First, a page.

Editor's note: Inc.com columnist Alison Green answers questions about workplace and management issues--everything from how to deal with a micromanaging boss to how to talk to someone on your team about body odor.

A reader writes:

If all goes well, I'll get offers from two companies I'm really excited about joining in the next week. Currently, I'm a low-level manager in a large, multinational corporation. My current boss knows about my job search. We have a level of trust such that I told him about my search two months back. My intent in telling him was that he'd have the chance to lay the groundwork for a replacement. Because of company policy, though, replacement hires aren't approved until there is a vacancy to be filled. In other words, my boss can't take direct action to replace me until I have resigned. I've told my boss I'll give him as much notice as possible. I've said that ideally, I'd like that to be three weeks, but in practice I might only be able to give two.

My current job has taken everything I've been able to give, and I've got nothing left in the tank. I want to take at least a week off, ideally two, in between jobs to unplug and recharge before I start my next job. Both potential new jobs are open to a start date three to four weeks from offer. My current boss told me last week that he expects and needs me to give him four weeks working notice before I leave. I don't want to leave him in the lurch, but I just don't think I can give that kind of notice. I do understand his situation--even though he knows I've been looking, he hasn't been able to do anything concrete to replace me.

When I started at this company, I really wanted to give four weeks notice to my previous employer, but was pressured to join within two weeks of offer. Others in similar roles at my current employer have left with two weeks notice and it hasn't been a big deal. As far as I know, I'm the only person who's given a heads up about intent to leave.

My fear is I might react out of guilt or sympathy and squeeze myself out of the time I really want to regroup and recharge. How can I do right by my current employer in terms of notice, and do right what's right for myself and my next employer by taking some time off in between? Also, am I maybe out of touch? Is it unreasonable for a supervisor in a very large company to only give two weeks official notice?

There are some jobs where the norm is to give more than two weeks notice, but it doesn't sound like that's the case at your organization, given what you've said about what people in similar positions have done. Furthermore, when that is the norm, employers generally don't pressure new employees to scrimp on notice to the organizations they're leaving--which they did to you. So I'm working from the premise that your boss's pressure here is just about what he wants, and not about the professional standard in your field or your organization.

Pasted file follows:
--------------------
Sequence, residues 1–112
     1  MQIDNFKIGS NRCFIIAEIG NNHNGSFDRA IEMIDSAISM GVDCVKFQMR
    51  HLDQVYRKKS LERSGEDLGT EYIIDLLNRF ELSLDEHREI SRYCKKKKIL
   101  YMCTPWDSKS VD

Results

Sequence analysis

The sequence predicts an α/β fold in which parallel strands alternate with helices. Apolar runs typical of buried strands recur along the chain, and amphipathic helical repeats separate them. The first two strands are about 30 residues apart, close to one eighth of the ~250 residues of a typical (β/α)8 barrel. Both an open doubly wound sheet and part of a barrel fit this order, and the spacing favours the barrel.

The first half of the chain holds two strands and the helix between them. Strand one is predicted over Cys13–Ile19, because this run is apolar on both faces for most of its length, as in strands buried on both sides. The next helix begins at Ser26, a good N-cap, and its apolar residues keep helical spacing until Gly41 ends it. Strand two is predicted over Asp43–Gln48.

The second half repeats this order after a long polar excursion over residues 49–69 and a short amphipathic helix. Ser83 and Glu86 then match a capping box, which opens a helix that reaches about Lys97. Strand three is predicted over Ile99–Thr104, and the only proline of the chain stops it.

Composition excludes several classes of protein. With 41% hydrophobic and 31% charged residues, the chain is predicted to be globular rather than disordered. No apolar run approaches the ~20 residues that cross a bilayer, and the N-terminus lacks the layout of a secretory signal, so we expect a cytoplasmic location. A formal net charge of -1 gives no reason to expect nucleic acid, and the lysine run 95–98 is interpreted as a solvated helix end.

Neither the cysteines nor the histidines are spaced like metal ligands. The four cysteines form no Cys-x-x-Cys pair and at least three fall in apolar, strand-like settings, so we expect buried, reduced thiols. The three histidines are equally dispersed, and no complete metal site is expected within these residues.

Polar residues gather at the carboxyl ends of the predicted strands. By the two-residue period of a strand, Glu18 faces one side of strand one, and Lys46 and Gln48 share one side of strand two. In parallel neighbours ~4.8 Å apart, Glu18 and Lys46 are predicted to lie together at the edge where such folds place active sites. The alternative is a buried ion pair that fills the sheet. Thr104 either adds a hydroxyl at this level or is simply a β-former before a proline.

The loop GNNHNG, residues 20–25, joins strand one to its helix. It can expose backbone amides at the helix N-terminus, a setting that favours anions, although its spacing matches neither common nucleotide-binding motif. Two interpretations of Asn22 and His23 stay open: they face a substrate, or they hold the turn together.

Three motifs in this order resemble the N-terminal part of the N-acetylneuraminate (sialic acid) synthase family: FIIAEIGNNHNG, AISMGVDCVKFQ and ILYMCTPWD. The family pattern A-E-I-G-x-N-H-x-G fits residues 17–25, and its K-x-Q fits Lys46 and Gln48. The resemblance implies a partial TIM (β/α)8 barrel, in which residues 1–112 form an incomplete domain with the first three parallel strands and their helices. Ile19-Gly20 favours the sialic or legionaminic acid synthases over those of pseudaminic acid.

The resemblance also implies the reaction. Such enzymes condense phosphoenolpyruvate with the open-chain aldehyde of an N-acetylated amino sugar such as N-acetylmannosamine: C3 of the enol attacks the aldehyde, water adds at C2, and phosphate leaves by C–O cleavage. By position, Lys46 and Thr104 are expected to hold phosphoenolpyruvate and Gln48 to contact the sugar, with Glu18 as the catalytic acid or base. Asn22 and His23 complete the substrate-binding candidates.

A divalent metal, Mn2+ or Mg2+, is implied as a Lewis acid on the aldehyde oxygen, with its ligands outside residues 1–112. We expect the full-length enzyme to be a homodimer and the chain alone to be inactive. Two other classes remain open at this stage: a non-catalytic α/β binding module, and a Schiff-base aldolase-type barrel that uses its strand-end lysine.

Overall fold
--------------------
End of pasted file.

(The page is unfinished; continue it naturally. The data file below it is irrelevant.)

And of course your manager wants more notice. All managers want more notice. We'd take six months of notice if we could get it. (And sometimes we can get it, if we create the right conditions for it. I used to routinely get months of notice from people, because I'd made sure they knew it was safe to do that, that it would be appreciated, and that they wouldn't be pushed out early as a result.)

But the reality is, (a) you've actually given your boss plenty of notice, by telling him about your search two months ago--he just can't act on it, owing to company rules that aren't your fault, and (b) despite those company rules, there's nothing to stop him from doing some recruiting right now on his own. He may not have the official opening yet, but there's no reason that he can't be reaching out to prospective strong candidates and starting to cultivate them, so he has a pipeline of good people ready when the company officially opens the job. Frankly, good managers do that all the time anyway, so that they're not caught off-guard and starting from scratch when an opening does arise.

Also, in environments where people do give more notice, it's generally not "I'll be leaving in six months, on May 15" (unless they're leaving for school or a move, as opposed to a new job). It's typically more general--exactly like what you did. It's a heads-up that someone is beginning to prepare to move on, and that is the type of notice that people are talking about when they talk about long notice periods. The specific date often doesn't get worked out until the very end of the period (for exactly the reason you're facing: New employers generally set start dates for a few weeks out, not months out).

In any case, all of this means that you should give the notice that you can give, and as long as it's at least two weeks, you shouldn't feel guilty or let yourself be pressured into giving more. You gave your boss a heads-up when you were starting to look, and it's not your fault that the organization ties his hands until you actually have a leaving date.

Give your notice, apologize that your new starting date means that you can't give more (not because you owe an apology, but because it's polite), leave things in as good shape as you can, with plentiful documentation (something that you can start working on now, if you haven't already), and then move on with a clear conscience. Good luck!

Want to submit a question of your own? Send it to alison@askamanager.org.